Big Increase in New Norwegian Citizens

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In 2020, 19,700 foreign citizens were granted citizenship by Norway. That's an increase of 49% from 2019.

At the beginning of January 2020, a long-awaited citizenship law change came into force. It allowed people to hold another citizenship along with Norwegian, bringing Norway into line with almost all of Europe.

Norwegian hiker in the Lofoten islands of Northern Norway

A surge in applications from people awaiting the law change had been expected. In fact, 26,000 people applied for citizenship in a matter of months, increasing the citizenship waiting list from 14,000 to 40,000.

Now we know the law change has had an impact on approved applications, too. 19,700 people were granted Norwegian citizenships last year, an increase of 49% from the previous year.

African countries lead the transition

The biggest group of new citizens were from Somalia (3,100) followed by Eritrea (2,800). People from African countries make up approximately one-third of new citizens, which is in line with previous years.

Sweden (1,200) was the third biggest group. Syria, the Philippines, Russia, Iran, Thailand, Denmark and Sudan complete the top ten groups of new citizens.

Two new Norwegian citizens

Increasing numbers from the Nordic region

Nordic citizens face far fewer barriers to become Norwegian citizens than others. Compared with previous years, more Nordic citizens received Norwegian citizenship.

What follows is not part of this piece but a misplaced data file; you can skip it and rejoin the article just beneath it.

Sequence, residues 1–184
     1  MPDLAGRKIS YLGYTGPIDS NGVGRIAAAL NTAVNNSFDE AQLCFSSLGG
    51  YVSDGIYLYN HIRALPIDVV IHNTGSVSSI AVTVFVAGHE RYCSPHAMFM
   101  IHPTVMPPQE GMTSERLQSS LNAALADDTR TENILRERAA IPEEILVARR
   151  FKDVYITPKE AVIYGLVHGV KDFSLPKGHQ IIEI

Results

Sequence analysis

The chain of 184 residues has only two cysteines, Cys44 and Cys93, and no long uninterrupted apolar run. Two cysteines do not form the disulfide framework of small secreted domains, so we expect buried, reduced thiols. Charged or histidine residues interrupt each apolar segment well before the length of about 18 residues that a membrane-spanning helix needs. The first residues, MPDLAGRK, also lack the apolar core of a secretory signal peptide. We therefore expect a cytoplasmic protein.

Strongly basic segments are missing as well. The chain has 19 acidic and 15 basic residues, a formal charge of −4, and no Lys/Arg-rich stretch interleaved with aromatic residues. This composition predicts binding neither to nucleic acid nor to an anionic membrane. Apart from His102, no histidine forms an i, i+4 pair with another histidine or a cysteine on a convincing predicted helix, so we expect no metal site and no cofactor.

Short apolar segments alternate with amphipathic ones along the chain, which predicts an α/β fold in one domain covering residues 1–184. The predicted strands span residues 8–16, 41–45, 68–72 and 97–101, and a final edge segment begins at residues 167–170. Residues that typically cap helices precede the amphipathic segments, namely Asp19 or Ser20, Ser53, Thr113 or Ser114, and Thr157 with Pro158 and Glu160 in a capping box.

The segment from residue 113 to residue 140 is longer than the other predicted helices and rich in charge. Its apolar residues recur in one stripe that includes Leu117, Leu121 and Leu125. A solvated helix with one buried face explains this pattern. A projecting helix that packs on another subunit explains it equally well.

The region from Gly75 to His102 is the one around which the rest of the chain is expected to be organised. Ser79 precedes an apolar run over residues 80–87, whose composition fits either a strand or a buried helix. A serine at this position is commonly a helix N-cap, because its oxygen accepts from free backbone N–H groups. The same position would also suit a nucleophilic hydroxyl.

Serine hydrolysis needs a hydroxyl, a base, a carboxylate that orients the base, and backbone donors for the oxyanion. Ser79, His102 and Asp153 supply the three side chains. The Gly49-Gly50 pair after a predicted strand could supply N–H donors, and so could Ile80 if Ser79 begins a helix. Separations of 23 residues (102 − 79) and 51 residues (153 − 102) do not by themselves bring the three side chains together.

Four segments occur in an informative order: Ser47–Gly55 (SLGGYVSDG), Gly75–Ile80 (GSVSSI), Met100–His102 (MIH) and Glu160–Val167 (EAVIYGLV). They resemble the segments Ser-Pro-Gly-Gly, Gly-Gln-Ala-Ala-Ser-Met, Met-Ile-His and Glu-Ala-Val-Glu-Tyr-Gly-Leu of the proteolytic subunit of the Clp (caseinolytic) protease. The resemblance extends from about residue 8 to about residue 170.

In 2018 and 2019, just 3.3 and 1.4 per cent respectively of new Norwegian citizens were previously other Nordic citizens. But in 2020, 11.1 per cent of those who were granted citizenship were from the Nordic region.

Record numbers of European citizens becoming Norwegian

Generally speaking, immigrants from EU/EEA countries have few practical reasons to apply for Norwegian citizenship. All EU/EEA citizenships give an individual access to many of the same rights when they reside in Norway.

However, the number of EU/EEA citizens being granted Norwegian citizenship jumped in 2020 to 3,700 from just 900 the year before. This is the highest number since 1977.

Hikers view of fjord in Norway

It could be that British citizens who have been resident a long time in Norway chose to transition after the Brexit process was completed, but there is no confirmation of that from SSB.

The number could have been even higher

Prior to 2020, most applicants for Norwegian citizenship had to renounce their original citizenship.

Following the change in the law, the Norwegian Directorate of Immigration (UDI) experienced a big increase in the number of applications for Norwegian citizenship. The UDI registered 54,700 online applications during 2020, compared with 20,700 the year before.

However, the waiting times for an appointment were long due to pandemic-related restrictions. At the end of 2020, there were 21,700 cases remaining unprocessed.

Norway troll holding a flag

According to the Statistics Norway statement, the long waiting time “has probably contributed to making the figure for granted citizenship somewhat lower than it would otherwise have been.”

What does is take to become a Norwegian citizen?

The requirements to become a Norwegian citizen vary depending on your personal circumstances, most notably your existing citizenship. That being said, it typically requires a minimum of seven years residence, proof of Norwegian language skills, and passing a citizenship test.

There are different requirements for people married to Norwegian citizens, and certain other groups including refugees. To see what applies to your own personal circumstances, check the details at the UDI website.

About David Nikel

Originally from the UK, David now lives in Trondheim and was the original founder of Life in Norway back in 2011. He now works as a professional writer on all things Scandinavia.

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